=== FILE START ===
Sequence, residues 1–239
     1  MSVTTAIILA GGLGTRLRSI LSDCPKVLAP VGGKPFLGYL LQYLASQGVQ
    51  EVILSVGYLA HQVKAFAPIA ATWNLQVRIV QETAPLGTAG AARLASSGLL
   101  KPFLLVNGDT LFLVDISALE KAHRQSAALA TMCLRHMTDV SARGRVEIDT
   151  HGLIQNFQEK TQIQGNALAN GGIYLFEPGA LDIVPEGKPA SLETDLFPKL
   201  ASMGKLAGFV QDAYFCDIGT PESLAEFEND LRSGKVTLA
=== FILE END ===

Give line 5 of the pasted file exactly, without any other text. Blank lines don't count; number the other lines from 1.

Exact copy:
   151  HGLIQNFQEK TQIQGNALAN GGIYLFEPGA LDIVPEGKPA SLETDLFPKL